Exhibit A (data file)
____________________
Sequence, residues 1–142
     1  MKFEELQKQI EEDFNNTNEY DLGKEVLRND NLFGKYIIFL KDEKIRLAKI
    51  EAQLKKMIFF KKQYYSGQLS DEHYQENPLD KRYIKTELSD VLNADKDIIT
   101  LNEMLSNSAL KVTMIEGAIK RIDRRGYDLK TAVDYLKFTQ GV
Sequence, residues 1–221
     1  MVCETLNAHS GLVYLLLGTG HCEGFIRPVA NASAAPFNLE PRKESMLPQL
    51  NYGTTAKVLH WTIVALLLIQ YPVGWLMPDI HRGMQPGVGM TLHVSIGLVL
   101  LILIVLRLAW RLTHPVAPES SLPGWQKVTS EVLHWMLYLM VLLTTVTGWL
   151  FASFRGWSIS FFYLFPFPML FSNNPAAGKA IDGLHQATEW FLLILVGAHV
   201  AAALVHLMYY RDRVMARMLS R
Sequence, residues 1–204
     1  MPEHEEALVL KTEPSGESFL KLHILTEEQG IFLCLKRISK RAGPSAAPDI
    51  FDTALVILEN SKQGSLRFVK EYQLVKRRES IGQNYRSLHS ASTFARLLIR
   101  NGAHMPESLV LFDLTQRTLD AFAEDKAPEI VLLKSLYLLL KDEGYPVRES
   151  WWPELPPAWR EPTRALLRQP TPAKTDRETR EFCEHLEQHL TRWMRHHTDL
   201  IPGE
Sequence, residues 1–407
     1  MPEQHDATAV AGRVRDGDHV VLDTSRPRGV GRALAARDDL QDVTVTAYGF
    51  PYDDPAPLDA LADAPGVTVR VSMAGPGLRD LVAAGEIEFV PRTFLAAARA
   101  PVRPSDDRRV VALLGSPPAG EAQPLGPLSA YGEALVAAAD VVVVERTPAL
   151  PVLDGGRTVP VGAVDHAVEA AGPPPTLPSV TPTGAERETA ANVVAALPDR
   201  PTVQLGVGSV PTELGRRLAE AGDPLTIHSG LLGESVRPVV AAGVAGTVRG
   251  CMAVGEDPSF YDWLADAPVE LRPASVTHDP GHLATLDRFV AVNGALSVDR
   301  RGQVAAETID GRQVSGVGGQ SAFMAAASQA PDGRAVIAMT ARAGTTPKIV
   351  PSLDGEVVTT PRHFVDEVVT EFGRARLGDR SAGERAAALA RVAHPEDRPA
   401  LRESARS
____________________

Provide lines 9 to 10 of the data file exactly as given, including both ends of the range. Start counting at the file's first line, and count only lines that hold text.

   151  FASFRGWSIS FFYLFPFPML FSNNPAAGKA IDGLHQATEW FLLILVGAHV
   201  AAALVHLMYY RDRVMARMLS R